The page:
Victim describes tiger kidnapping


A Dublin woman has described her family’s “tiger kidnapping” ordeal when armed raiders burst into her home in a €2.28 million robbery four years ago.

Marie Richardson revealed that she and her two teenage sons were taken in the back of a 4x4 vehicle to Cloon Wood near the Wicklow Mountains in the early hours of March 14th, 2005, where two masked men held them captive overnight.

“I was frightened, very frightened,” she said. “But felt like I was going into survival mode because my children were with me.”

Prosecution counsel, Denis Vaughan Buckley SC earlier told the jury, that Mr Richardson would describe how he went to work the next morning and deposited over €2 million cash from his Securicor van at The Angler’s Rest pub car park in Lucan, while his wife and sons were captive in Wicklow.

David Byrne (36) of Old Brazeel Way, Knocksedan, Swords; Niall Byrne (27), of Aughavanagh Road, Crumlin; Mark Farrelly (37), of Moatview Court, Priorswood; Christopher Corcoran (61), of Bayside Boulevard North, Sutton; and Jason Kavanagh (34), of Parslickstown Court, Ladyswell have all pleaded not (NOT) guilty to falsely imprisoning the Richardson family on March 13th and 14th, 2005.

They have also pleaded not guilty at Dublin Circuit Criminal Court to robbing Mr Richardson and Securicor on the same date.

Ms Richardson told Mr Vaughan Buckley that one of the raiders at her home had assured her: “Everything will be ok, your husband knows what to do. He has a job to do for us.”

Ms Richardson said she looked at her husband Paul and said: “There’s no heroes...just do what they want.”

She said she had initially thought the man who rang her doorbell at 10pm on March 13th, 2005, was a fast-food delivery person at the wrong address.

She told Mr Vaughan Buckley that she reached for the door’s lever and as soon as she heard it click, the man had pushed his hand through and onto her face.

The man, whom she described as “Raider #1”, wearing thick rimmed glasses, a baseball cap and with “long-ish” black hair, told her to stop screaming as she struggled with him in the doorway and two other men pushed past into the sitting room.

She said the first man gripped her in a headlock before he brought her into the living room, where her younger son was watching television, and assured her that “everything will be alright.”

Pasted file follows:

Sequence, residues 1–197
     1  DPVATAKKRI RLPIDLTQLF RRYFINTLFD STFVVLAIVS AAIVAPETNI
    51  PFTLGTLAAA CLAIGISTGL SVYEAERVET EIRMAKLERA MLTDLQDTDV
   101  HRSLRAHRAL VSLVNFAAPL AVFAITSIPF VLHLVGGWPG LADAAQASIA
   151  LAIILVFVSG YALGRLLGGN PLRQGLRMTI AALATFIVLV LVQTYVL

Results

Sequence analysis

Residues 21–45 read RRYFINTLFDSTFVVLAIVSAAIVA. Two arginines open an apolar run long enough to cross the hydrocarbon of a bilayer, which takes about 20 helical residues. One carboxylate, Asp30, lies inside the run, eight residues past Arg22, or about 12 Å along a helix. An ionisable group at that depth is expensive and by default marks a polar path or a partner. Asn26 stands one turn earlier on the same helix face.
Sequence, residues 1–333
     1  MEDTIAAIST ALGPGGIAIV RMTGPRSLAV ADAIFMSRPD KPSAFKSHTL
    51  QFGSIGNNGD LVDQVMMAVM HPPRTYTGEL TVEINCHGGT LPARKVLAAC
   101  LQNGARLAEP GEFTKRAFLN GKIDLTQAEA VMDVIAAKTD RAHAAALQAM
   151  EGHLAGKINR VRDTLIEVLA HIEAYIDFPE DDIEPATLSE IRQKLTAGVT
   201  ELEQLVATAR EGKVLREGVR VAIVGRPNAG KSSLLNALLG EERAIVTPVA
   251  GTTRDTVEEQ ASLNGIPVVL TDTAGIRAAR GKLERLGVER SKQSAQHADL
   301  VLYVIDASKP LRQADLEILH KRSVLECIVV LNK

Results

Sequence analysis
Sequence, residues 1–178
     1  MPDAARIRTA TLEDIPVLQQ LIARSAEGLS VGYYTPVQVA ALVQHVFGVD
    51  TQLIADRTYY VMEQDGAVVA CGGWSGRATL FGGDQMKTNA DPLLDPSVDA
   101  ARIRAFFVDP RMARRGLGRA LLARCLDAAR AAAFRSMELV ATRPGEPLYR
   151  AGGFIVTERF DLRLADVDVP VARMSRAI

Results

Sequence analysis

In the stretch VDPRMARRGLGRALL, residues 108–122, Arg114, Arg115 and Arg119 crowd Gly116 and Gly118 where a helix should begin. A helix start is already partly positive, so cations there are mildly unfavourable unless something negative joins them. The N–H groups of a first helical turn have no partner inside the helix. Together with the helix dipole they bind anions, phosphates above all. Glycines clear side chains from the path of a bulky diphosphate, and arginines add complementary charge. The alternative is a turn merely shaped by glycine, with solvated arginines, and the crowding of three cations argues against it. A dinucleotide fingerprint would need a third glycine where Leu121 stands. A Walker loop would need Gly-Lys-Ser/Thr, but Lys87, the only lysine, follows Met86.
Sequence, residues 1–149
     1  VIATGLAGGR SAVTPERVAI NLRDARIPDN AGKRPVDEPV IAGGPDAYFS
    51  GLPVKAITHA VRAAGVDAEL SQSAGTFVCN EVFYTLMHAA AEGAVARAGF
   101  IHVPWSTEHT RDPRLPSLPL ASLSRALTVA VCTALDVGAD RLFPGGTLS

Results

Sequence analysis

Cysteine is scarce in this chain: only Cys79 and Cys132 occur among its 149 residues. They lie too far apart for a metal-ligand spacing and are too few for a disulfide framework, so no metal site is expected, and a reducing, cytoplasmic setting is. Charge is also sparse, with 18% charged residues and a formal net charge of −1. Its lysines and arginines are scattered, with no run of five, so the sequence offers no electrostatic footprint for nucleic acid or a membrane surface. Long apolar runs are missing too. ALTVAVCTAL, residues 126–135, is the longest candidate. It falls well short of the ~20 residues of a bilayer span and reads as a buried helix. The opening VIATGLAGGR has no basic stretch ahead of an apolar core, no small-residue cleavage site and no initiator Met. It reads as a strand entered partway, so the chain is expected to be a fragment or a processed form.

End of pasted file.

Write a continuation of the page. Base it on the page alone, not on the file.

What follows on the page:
She said “Raider #1” concealed his face with a car blanket that had been on the sofa and a “heavier set” raider wearing a black wool balaclava took a machine gun out of a cardboard box he’d carried into the house.

She said the third raider used her son’s pillow case as a mask, but later fashioned a balaclava from a gray school jumper when he began to sweat through the blue material.

Ms Richardson said her husband arrived back at their Ashcroft home in Raheny with her other son a short while later and the raiders grabbed him by the lapels and held him at gunpoint.

The raiders turned the volume up on the living room television set, as the Richardsons tried to calm their eldest son who started having a panic attack.

The family was forced to sit on a two-seat couch in the living room while “Raider #1” took a Polaroid photo of his masked companions pointing guns at their heads.

Ms Richardson said the largest raider asked for her husband’s car keys and moved his car from the driveway, before opening the front door to two other men.

These men didn’t come into the house, but sat waiting in a black 4X4 as Ms Richardson and her sons were told to gather coats, food and drink for their journey.

Ms Richardson said the unmasked driver, who told her to call him “John”, kept his back to his passengers at all times. “John” told her and the boys they’d come to no harm if they co-operated. She said she only caught a brief glance of the side of his face once during her captivity.

The two raiders ordered her and her sons cover themselves with a duvet on the car’s floor once they drove onto the Clontarf Road.

She said she caught glimpses of where they were headed and thought the raiders had a Garda scanner because of the rough radio sound that filtered through to her in the back about a raid on a Beaumont petrol station.

The raiders brought the family to a woodland and at around 2.30am.

She said her captors instructed her that they would leave her and the boys bound with cable ties once they got a call to leave the area. These ties would be loose enough and as soon as the family freed themselves, they were to go to a nearby woodland house and alert the gardai.

The two raiders tied the Richardsons with cable ties and left shortly after.

Ms Richardson described how the family flagged down a passing ranger once they’d used a souvenir knife from the youngest son’s key-ring to free their hands and feet.

The trial, which is expected to last three months, continues before Judge Tony Hunt and a jury of seven men and five women.